What Should My Golf Cart Charger Read When Fully Charged?

The battery is one of a golf cart’s most crucial pieces. Ensuring that the battery is fully charged is essential to keep the golf cart running smoothly. However, many golf cart owners are unsure of what their chargers should read when their batteries are fully charged. If your golf cart has a 48V battery containing 8-volt batteries, it should read 8.2-8.3 volts per battery and a total of 49.2-49.8 volts. While if you have a 36V battery containing 6-volt batteries, it should read 6.2-6.3 and a total of 37.2-38 volts when fully charged.

What Should My Golf Cart Charger Read When Fully Charged?

If you have a 36V battery with 6-volt batteries and it reads around 4 volts when fully charged, then you are facing a battery problem. In such a situation, you must replace your battery. Moreover, overcharging and undercharging your battery affects its health. Therefore, it’s crucial to look after your batteries. This article will discuss what a golf cart charger should read when fully charged and how to properly handle your golf cart battery.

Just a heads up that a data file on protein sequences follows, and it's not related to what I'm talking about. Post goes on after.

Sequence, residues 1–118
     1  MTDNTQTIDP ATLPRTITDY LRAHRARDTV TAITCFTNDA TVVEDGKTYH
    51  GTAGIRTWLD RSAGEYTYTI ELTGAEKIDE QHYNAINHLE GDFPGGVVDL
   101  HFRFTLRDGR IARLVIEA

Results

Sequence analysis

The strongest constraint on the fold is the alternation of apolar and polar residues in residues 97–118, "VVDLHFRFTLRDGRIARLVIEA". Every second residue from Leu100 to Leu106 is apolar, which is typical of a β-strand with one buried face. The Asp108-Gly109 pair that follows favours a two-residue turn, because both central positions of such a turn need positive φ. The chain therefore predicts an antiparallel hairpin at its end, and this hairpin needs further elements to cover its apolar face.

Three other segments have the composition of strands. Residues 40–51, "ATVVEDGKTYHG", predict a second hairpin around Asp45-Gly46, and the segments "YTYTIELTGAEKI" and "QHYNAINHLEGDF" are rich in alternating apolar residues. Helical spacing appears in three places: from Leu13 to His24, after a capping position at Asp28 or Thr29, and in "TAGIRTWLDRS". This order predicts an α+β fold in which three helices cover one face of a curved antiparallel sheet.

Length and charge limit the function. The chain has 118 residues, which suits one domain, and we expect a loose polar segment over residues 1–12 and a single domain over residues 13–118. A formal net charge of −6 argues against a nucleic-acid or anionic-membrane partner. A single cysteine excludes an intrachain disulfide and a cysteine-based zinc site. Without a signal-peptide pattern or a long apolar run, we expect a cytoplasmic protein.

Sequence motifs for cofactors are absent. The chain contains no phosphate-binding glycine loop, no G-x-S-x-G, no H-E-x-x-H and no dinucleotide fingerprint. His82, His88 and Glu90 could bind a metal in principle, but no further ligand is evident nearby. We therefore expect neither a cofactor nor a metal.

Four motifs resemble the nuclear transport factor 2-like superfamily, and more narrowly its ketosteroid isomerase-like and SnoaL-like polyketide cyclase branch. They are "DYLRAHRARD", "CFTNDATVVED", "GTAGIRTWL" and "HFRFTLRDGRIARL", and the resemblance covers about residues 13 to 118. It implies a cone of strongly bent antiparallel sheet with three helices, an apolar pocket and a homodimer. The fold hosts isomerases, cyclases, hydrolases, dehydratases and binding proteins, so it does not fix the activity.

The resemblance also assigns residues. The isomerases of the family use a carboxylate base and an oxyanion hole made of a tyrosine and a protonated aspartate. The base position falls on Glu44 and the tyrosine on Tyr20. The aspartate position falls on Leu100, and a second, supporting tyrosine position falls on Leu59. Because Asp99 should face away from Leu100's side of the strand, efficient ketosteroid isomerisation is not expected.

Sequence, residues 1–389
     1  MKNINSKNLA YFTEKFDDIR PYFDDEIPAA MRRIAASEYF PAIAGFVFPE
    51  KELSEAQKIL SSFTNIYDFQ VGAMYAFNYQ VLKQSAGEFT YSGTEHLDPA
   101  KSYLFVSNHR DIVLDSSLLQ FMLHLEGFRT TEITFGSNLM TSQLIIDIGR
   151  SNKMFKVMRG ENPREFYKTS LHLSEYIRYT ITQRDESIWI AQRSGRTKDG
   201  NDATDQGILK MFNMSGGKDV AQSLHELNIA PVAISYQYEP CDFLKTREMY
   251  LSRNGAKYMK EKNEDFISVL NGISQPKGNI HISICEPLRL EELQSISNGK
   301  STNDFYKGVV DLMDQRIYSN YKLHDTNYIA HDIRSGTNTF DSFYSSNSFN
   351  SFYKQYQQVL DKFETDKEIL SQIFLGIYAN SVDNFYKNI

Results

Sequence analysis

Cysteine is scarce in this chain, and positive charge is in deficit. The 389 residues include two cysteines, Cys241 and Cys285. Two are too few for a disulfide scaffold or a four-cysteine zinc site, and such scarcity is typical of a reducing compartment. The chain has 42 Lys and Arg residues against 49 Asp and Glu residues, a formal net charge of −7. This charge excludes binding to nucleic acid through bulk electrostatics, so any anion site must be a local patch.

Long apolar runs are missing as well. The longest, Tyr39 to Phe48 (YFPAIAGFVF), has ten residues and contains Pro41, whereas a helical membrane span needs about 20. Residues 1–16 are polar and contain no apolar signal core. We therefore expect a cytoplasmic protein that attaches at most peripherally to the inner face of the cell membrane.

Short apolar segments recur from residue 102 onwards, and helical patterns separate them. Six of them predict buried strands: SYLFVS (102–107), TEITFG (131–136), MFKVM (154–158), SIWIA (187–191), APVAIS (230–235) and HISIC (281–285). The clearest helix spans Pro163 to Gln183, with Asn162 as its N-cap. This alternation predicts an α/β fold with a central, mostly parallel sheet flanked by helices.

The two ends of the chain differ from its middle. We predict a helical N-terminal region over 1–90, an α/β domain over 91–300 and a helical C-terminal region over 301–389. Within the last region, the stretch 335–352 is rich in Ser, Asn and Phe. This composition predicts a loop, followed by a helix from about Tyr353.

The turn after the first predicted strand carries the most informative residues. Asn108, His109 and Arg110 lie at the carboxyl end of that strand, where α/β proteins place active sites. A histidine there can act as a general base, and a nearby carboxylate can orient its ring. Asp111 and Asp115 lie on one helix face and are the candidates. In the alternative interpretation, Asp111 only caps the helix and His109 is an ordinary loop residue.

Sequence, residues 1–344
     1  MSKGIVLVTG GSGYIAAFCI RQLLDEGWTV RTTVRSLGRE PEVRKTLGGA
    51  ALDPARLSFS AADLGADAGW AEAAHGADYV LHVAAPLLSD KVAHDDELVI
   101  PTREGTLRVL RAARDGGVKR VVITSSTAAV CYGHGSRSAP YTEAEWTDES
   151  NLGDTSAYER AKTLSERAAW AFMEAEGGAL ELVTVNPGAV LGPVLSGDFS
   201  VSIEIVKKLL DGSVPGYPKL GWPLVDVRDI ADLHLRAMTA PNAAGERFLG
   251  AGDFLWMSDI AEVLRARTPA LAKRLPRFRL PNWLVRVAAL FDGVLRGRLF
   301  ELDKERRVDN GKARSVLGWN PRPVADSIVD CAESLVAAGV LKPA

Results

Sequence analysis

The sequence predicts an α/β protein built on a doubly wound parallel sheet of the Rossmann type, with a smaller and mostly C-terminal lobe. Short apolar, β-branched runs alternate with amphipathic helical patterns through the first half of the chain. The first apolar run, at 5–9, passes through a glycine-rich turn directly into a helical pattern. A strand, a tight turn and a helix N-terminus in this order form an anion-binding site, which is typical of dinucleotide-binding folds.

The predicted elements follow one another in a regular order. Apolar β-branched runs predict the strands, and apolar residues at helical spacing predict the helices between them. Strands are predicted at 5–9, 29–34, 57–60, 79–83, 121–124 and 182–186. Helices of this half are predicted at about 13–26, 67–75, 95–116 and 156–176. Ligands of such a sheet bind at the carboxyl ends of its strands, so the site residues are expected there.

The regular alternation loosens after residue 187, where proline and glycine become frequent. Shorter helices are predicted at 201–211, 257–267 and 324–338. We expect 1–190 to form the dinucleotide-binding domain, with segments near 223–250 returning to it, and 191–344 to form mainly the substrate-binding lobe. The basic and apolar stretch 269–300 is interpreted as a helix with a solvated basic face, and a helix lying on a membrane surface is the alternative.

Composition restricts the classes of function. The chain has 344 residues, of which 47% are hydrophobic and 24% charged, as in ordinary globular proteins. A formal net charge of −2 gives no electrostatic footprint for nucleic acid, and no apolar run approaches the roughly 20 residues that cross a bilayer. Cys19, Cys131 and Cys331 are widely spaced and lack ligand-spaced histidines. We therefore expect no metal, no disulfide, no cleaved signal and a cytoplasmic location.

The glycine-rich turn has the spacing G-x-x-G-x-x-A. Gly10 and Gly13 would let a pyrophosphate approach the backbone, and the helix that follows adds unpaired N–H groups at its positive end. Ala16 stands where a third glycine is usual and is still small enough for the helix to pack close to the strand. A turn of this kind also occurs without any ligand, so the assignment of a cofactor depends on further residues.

Golf Charger Working

Firstly, it is important to understand the basics of how a golf cart charger works. A golf cart charger works by using DC power to charge the batteries. Once the charger is connected to the golf cart, it will begin to charge the batteries. As the batteries charge, the voltage and current flowing into the batteries will gradually decrease until the batteries are fully charged.

Indications that your Battery is Fully Charged

A battery usually takes a total of 10-12 hours to charge, depending on the charger fully. So you should charge your golf cart batteries overnight, so they are ready to perform in the morning. The following are the indications that help you understand if your battery is fully charged or not. Do you know what happens to your golf batteries in winter?

  • When the batteries are fully charged, the charger should read a voltage between 38 and 49 volts, depending on the specific type of battery used in the golf cart.